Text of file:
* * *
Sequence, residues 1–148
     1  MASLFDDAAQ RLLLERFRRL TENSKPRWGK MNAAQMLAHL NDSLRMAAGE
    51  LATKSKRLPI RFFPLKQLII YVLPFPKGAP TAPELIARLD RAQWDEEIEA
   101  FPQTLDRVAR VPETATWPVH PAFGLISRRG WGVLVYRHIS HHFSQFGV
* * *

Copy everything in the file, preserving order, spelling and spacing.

Sequence, residues 1–148
     1  MASLFDDAAQ RLLLERFRRL TENSKPRWGK MNAAQMLAHL NDSLRMAAGE
    51  LATKSKRLPI RFFPLKQLII YVLPFPKGAP TAPELIARLD RAQWDEEIEA
   101  FPQTLDRVAR VPETATWPVH PAFGLISRRG WGVLVYRHIS HHFSQFGV